Prince George's has the most deaths by far

Of the seven jurisdictions I looked at, Prince George's had the most fatalities, with 36. Here is the full list:

Prince George's 36
District of Columbia 25
Montgomery 21
Fairfax 19
Alexandria 2
Falls Church 2
Arlington 2

Some of the variation might be explained by population and square mileage, but Prince George's County is neither the largest nor the most populous. And comparisons get more complicated because DC's surge of daytime population means that considering its resident population understates the amount of exposure cyclists have there.

Most fatal crashes happen at intersections

If we combine fatalities listed as in the intersection and in the crosswalk, it shows that more than half of all fatal crashes happen at intersections. (Some crashes listed as on sidewalks or in bike lanes also may be at intersections.)1

Intersection 37
Roadway 36
Crosswalk 20
Shoulder 7
Bike lane 3
Sidewalk 2
Unknown 1

Where this data comes from

I assembled this list and map from two main sources: media reports and the National Highway Traffic Safety Administration's (NHTSA) Fatality Analysis Reporting System (FARS). Most media reports are newspaper accounts available on highbeam, which is why they only go back to 1987. These accounts are usually very accurate and reliable. I only flagged one possible error during the review.

However, these are not particularly comprehensive. Only 53% of all fatal bike crashes get reported in newspapers, and usually as only one story about the fatal crash itself. Occasionally a reporter will follow up with a second item once authorities release the victim's name. For a particularly sensational story, there may coverage all the way through a trial and sentencing. Most media accounts, however, just end with a line saying something like, "Police are continuing to investigate the incident."

The NHTSA FARS data, on the other hand, is significantly more comprehensive but riddled with a vast array of errors. It also only goes back to 1994. Some of the errors come from problems with the forms themselves, while people filling them out introduce others.

These errors ranged from trivial cases, such as mislabeling a female fatality as male, to nonsensical cases where a bike fatality was coded as "Safety Belt Used Improperly," to the outright misleading case where a cyclist was mislabeled as a pedestrian. But 98% of the fatalities with media accounts also appeared in FARS.

Still, FARS data under-counts total bike fatalities because it does not include crashes on driveways or parking lots or crashes that don't involve a motor vehicle. I identified 15 such fatalities. In addition, the United States Park Police apparently doesn't submit FARS forms to the NHTSA, as crashes they investigated don't appear. Nor do bike deaths that arise from medical conditions such as heat stroke or from murder (except in the one case where the murder weapon was a car). So while the FARS data is more comprehensive, it is not complete.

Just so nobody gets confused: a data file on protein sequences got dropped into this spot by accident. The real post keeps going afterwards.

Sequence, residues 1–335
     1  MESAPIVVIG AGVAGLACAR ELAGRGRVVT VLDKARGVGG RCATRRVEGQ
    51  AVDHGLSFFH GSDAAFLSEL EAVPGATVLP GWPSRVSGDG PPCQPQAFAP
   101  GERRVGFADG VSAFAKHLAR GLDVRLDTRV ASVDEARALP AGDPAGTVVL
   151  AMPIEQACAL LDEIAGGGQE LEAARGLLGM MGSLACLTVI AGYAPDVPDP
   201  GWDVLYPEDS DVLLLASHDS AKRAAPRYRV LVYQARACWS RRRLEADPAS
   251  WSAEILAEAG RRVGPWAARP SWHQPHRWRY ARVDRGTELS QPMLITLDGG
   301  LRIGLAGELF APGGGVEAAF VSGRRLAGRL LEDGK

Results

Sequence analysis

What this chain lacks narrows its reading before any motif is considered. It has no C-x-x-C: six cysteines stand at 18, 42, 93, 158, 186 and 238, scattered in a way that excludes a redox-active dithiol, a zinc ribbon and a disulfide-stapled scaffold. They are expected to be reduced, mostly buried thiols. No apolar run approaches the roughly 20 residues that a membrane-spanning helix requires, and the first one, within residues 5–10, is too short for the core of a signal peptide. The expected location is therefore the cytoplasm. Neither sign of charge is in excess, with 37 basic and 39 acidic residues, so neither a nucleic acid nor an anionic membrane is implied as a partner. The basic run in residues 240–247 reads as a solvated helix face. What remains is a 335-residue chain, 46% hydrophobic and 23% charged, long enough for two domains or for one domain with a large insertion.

The map above includes every bike fatality identified except for one that had an unworkable location description.3 

The original version of this post failed to count one Arlington fatality. Part of the reason for this was that the two Arlington County fatalites both occurred on the same day, May 8th, but in different years. 

Crossposted at GreaterGreaterWashington

1 Prior to 2001, all FARS location data is reported in the form of road designator and milemarker. Starting in 2001 GPS coordinates are also included. Maryland and Virginia report the road designator by an official route number that may not be well known (Cherrywood Lane in PG County, for example, is MU 40). DC, God bless them, reports the actual name of the street as used on streetsigns. As a result, locations for Maryland and Virginia FARS-only derived data prior to 2001 is approximate.

2 Roadway fatalities are those that occur in travel lanes away from intersections.

That one was reported to FARS as being on county road 0123 in Montgomery County, but there is no 123 in Montgomery County. There is one in Prince George's County. So either the county was coded wrong (33 instead of 31, for example) or the road was.

Palisades Citizens Association Trail Survey

From the PCA Trail Committee

Over the last several months, the PCA Trails Committee has worked to create a survey that will gather the opinions of the Palisades Community, Foxhall Village and the immediate DC vicinity with regards to the future of the area that is commonly referred to as “the Glen Echo Trolley trail”.  This area runs from Georgetown University to Galena Pl (One block NW of Arizona Ave).